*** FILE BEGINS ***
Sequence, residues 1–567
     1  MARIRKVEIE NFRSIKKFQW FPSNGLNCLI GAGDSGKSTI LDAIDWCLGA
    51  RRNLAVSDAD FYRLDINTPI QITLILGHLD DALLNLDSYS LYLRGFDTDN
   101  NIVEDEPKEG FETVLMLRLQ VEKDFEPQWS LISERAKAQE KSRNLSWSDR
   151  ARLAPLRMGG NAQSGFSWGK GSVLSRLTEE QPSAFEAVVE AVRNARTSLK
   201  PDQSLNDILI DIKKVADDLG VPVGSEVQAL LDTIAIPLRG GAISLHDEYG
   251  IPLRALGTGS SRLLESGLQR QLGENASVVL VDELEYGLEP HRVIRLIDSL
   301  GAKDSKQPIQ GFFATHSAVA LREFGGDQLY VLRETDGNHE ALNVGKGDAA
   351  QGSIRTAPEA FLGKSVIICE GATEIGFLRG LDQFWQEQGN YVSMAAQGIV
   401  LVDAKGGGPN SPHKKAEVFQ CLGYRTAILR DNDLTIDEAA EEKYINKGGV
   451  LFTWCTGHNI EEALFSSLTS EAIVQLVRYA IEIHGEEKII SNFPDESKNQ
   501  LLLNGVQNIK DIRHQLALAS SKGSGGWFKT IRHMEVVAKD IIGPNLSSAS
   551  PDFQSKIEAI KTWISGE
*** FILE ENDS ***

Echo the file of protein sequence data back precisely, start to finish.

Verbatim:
Sequence, residues 1–567
     1  MARIRKVEIE NFRSIKKFQW FPSNGLNCLI GAGDSGKSTI LDAIDWCLGA
    51  RRNLAVSDAD FYRLDINTPI QITLILGHLD DALLNLDSYS LYLRGFDTDN
   101  NIVEDEPKEG FETVLMLRLQ VEKDFEPQWS LISERAKAQE KSRNLSWSDR
   151  ARLAPLRMGG NAQSGFSWGK GSVLSRLTEE QPSAFEAVVE AVRNARTSLK
   201  PDQSLNDILI DIKKVADDLG VPVGSEVQAL LDTIAIPLRG GAISLHDEYG
   251  IPLRALGTGS SRLLESGLQR QLGENASVVL VDELEYGLEP HRVIRLIDSL
   301  GAKDSKQPIQ GFFATHSAVA LREFGGDQLY VLRETDGNHE ALNVGKGDAA
   351  QGSIRTAPEA FLGKSVIICE GATEIGFLRG LDQFWQEQGN YVSMAAQGIV
   401  LVDAKGGGPN SPHKKAEVFQ CLGYRTAILR DNDLTIDEAA EEKYINKGGV
   451  LFTWCTGHNI EEALFSSLTS EAIVQLVRYA IEIHGEEKII SNFPDESKNQ
   501  LLLNGVQNIK DIRHQLALAS SKGSGGWFKT IRHMEVVAKD IIGPNLSSAS
   551  PDFQSKIEAI KTWISGE